3 minute read
I recently took a walk on a warm autumn afternoon, ending up at a local park. Dogs, kids and teenagers were out enjoying the sunshine. But I was dismayed to find, dotted across the park, more than a dozen soccer goals not anchored to the ground.
Anchoring soccer goals is a vital measure to minimise the risk of the posts toppling onto someone, especially a child. Serious injuries and fatalities have occurred in Australia and elsewhere when soccer goals have fallen.
It’s disappointing that whoever’s responsible for managing the soccer equipment at my local park has not made sure the goals are safe, especially when unattended by any officials. I worry though that many other parks around the suburban Australia will be the same.
If moveable soccer goals are installed incorrectly, or used inappropriately, death and serious injury can happen. The victims are often young kids and teenagers. Worldwide there have been more than 40 deaths and many more serious injuries. In Australia there have been at least seven deaths and one incident resulting in the person becoming paraplegic.
Specifically, blunt force injuries and trauma – to the head, neck, chest and limbs – can occur if soccer goals are unstable, especially if not properly anchored or used inappropriately, such as swinging on goalposts or cross bars.
How to fix it
A mandatory product safety standard has been in place since 2011 and was reaffirmed in 2017 after an ACCC review. This regulation requires soccer goals sold in the marketplace to have anchoring pegs and be marked with prominent warnings.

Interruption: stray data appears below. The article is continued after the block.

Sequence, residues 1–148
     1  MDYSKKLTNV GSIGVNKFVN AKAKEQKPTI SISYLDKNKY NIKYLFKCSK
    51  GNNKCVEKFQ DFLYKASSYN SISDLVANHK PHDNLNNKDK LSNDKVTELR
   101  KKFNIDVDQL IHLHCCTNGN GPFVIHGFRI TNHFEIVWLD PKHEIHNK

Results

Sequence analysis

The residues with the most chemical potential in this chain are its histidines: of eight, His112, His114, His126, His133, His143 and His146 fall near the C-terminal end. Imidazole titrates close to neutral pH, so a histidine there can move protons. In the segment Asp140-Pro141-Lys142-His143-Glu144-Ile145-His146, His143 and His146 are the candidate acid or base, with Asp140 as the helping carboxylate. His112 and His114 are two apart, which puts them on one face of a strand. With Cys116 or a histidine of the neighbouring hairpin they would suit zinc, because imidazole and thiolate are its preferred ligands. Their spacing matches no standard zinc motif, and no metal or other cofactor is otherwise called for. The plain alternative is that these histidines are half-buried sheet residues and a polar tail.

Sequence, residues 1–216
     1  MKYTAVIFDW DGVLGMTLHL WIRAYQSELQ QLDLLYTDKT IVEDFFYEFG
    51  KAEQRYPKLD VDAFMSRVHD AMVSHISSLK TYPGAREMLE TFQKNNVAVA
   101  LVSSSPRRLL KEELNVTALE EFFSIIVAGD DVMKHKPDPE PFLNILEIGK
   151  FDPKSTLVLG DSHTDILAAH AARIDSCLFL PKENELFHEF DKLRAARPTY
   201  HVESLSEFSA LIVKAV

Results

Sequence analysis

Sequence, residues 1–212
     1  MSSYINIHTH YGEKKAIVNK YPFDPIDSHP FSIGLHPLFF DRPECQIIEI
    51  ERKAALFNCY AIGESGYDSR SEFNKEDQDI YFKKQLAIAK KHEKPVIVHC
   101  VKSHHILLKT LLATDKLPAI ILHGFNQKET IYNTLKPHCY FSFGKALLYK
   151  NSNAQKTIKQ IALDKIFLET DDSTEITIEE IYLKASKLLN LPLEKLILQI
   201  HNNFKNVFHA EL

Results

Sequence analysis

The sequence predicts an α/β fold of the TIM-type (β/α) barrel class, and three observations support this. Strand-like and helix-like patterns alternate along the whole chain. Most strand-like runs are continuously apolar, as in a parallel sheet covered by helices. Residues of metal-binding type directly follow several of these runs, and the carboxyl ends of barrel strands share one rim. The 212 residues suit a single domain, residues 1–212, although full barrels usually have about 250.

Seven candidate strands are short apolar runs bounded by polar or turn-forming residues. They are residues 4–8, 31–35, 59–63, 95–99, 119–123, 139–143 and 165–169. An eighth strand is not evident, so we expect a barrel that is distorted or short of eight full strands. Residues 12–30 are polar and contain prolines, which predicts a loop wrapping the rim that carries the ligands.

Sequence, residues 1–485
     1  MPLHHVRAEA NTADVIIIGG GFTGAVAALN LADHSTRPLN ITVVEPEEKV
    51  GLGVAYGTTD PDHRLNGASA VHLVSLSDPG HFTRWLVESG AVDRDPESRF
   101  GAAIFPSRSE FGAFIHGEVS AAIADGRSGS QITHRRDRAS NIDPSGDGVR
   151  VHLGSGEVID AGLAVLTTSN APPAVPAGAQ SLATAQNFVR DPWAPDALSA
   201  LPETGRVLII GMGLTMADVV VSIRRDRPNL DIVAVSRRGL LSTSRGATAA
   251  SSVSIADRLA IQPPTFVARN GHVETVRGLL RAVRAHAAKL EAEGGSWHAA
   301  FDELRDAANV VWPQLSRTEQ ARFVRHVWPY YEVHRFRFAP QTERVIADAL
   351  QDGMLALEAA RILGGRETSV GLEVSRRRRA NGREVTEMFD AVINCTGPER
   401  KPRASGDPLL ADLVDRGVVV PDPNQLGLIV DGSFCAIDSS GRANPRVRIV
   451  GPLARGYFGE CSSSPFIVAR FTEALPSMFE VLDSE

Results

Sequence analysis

The standard states that moveable soccer goals must have at least one anchor point at each side of the rear ground bar. The warning labels must be placed in three positions on the goal on the underside of the crossbar and on the outside of both goal upright posts.
As well, a moveable goal must not tip over or fail to return to its original position when subjected to a test procedure.
This video neatly explains both the injury risk and how to address it:
The mandatory standard only regulates the sale of goals. It doesn’t cover how they are used. Even if the goal passes stability tests, it can still topple if not anchored, especially if someone swings on the frame.
If goals were made incapable of toppling, they’d be too heavy to move. This is a product safety issue that relies on users’ actions to complete the hazard management process. A brochure that promotes safe use is widely distributed.
The ones I saw at my local park all had the proper labels. However, none were anchored to the ground. Only half had anchor pegs attached to the goals, the other half didn’t even have pegs.
Leaving goals out when not in use, especially if not anchored, is a significant risk.
I imagine responsibility sits with some or all of: football associations, local soccer clubs and local councils. A quick look online tells me that numerous organisations provide rules and instructions on the need to always anchor moveable soccer goals, for example, NSW Education department. It’s hard to tell though whether anyone is checking compliance. I have reported what I observed at my local park to my suburban Melbourne council.
In the 2000s, of my ACCC colleagues took great care to ensure awareness and compliance by those managing soccer facilities after the death of three-year-old India Verity in NSW in 2003. Twenty years later, in 2023 no-one can afford to be complacent.
And if, after reading this, you’re walking through a park, have a look at any moveable soccer goals and if they’re not anchored, tell the local club and your council.